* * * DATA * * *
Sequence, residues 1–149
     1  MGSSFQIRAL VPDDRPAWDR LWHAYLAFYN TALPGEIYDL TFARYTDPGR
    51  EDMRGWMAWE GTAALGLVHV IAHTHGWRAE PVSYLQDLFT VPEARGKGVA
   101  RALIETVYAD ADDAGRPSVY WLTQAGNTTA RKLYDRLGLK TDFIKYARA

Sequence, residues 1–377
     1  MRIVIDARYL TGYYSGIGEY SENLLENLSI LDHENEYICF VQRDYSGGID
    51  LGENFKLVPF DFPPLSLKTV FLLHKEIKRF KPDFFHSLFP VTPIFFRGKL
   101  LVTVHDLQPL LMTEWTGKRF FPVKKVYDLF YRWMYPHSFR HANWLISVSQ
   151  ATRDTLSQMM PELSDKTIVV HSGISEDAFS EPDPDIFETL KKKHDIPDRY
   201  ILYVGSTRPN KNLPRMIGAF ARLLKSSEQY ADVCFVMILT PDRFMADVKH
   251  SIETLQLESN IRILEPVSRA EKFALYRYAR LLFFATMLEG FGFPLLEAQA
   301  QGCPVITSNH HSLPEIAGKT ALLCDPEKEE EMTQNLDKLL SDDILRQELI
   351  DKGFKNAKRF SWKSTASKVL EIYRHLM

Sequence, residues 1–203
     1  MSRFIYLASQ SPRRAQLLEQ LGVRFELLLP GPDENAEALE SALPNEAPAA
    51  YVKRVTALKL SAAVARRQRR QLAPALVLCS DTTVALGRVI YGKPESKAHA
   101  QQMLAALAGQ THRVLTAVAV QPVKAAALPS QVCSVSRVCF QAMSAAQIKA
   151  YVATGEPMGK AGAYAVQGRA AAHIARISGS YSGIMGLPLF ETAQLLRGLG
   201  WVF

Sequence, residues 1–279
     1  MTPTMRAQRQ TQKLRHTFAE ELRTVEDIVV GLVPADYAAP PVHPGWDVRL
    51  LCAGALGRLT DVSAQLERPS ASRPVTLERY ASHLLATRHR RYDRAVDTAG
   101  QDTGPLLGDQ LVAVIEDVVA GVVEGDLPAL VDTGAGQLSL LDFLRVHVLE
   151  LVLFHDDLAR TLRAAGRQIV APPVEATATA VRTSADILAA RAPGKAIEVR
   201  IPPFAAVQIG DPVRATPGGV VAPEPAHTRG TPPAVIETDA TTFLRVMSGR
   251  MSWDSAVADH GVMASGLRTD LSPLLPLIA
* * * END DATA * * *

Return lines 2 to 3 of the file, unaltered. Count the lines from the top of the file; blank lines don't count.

     1  MGSSFQIRAL VPDDRPAWDR LWHAYLAFYN TALPGEIYDL TFARYTDPGR
    51  EDMRGWMAWE GTAALGLVHV IAHTHGWRAE PVSYLQDLFT VPEARGKGVA